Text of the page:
The countervailing effects of competition on public goods provision: When bargaining inefficiencies lead to bad outcomes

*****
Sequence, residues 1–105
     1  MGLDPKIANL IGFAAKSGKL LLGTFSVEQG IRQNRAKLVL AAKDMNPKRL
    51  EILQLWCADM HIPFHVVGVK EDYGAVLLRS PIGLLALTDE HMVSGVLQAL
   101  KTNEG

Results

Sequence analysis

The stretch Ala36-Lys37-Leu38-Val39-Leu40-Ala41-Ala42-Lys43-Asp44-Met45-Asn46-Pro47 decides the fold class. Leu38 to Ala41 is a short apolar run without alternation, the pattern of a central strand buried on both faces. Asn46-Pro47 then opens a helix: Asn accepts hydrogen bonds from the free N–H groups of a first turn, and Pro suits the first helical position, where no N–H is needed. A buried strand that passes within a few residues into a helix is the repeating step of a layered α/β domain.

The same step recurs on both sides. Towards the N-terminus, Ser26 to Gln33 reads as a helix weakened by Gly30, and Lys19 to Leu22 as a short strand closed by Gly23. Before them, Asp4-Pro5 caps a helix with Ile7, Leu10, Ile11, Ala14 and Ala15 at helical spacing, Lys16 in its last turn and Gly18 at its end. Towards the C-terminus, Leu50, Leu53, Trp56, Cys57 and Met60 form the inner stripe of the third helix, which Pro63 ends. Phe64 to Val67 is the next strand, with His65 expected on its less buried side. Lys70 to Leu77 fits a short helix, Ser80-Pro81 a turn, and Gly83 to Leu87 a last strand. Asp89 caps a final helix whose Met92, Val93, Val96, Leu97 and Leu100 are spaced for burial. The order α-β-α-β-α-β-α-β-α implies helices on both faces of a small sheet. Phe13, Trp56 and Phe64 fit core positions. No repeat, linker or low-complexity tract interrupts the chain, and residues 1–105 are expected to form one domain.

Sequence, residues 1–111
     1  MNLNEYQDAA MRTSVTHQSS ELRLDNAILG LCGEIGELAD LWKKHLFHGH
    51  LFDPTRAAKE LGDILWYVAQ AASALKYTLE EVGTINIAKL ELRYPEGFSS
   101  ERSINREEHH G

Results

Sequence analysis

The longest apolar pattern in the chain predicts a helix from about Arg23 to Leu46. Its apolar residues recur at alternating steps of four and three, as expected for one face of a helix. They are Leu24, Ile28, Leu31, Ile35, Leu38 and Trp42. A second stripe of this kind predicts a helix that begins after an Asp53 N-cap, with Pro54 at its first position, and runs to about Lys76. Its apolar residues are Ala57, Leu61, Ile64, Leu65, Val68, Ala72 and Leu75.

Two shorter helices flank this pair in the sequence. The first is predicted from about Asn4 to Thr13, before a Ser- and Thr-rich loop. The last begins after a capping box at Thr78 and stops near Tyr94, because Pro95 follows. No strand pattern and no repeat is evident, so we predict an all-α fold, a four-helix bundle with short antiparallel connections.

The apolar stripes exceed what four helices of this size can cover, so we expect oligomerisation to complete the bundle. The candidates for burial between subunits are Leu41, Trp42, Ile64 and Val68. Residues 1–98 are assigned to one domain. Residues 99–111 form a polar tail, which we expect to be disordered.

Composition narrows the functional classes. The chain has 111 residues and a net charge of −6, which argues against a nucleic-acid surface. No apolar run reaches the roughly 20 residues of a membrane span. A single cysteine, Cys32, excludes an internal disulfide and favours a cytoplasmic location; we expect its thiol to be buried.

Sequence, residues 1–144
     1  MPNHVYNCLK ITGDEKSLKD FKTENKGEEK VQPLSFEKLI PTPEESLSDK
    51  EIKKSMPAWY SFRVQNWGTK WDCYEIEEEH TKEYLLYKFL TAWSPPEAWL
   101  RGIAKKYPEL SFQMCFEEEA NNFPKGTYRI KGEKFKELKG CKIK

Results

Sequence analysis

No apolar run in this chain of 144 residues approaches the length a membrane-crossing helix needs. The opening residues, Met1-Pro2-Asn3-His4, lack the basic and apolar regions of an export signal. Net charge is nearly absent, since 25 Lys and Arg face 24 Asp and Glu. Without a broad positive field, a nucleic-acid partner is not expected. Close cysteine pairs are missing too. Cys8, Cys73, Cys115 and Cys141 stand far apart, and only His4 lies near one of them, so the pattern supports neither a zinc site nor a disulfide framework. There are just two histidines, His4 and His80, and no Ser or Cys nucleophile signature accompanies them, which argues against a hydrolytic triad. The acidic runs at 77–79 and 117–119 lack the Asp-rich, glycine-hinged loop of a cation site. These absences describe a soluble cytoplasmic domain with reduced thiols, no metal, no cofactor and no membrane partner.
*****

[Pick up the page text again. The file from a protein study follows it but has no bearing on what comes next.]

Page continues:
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Political competition is widely recognized as a mediator of public goods provision through its salutary effect on incumbents’ electoral incentives. We argue that political competition additionally mediates public goods provision by increasing the inefficiency of legislative bargaining. These countervailing forces will produce a net negative effect in places with weak parties and low transparency – typical of many young democracies. We provide rigorous evidence from one such context, Mali, and then show results generalize to other weak party settings. Using panel data from Mali and a first differences model, we find a robust negative relationship between competition and local public goods. Tests of mechanisms corroborate our interpretation of this relationship as evidence that legislative bargaining inefficiencies are driving poor outcomes. This sheds light on why evidence of positive effects generally comes from more established democracies, and underscores the importance of both the electoral and legislative arenas in analyzing public goods provision.